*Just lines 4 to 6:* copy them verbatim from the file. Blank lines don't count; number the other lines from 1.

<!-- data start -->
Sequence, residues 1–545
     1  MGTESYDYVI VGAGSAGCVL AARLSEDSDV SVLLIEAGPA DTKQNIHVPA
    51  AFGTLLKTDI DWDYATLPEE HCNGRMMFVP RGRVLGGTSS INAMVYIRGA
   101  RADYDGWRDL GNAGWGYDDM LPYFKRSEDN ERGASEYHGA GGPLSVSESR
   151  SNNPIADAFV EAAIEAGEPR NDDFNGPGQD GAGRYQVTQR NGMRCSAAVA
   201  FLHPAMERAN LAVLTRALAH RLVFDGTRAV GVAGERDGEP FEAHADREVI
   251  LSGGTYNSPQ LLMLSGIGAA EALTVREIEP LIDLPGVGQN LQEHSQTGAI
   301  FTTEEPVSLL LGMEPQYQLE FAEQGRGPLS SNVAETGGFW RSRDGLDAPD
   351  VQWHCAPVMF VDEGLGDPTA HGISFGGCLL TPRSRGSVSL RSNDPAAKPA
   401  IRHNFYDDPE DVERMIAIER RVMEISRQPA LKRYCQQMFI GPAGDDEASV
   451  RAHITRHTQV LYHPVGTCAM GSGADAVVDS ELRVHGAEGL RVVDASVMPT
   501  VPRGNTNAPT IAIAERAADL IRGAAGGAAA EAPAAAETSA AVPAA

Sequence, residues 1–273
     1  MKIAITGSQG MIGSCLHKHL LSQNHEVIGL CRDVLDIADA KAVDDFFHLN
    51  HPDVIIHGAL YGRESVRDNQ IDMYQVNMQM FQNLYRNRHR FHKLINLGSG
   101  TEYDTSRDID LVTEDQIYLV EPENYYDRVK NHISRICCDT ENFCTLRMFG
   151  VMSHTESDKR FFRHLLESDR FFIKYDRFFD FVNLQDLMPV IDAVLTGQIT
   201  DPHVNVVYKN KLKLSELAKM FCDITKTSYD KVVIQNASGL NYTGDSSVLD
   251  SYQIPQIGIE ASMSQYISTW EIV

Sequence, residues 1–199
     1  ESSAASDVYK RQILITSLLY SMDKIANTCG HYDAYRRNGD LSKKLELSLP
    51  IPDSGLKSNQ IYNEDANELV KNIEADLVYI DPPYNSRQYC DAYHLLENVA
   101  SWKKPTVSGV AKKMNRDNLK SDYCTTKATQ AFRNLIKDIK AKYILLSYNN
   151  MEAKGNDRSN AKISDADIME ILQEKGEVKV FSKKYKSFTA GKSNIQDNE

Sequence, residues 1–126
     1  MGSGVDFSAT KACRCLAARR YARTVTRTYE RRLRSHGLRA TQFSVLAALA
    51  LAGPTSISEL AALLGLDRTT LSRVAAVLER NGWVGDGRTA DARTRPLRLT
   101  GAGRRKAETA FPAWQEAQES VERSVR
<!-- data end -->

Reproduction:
   101  RADYDGWRDL GNAGWGYDDM LPYFKRSEDN ERGASEYHGA GGPLSVSESR
   151  SNNPIADAFV EAAIEAGEPR NDDFNGPGQD GAGRYQVTQR NGMRCSAAVA
   201  FLHPAMERAN LAVLTRALAH RLVFDGTRAV GVAGERDGEP FEAHADREVI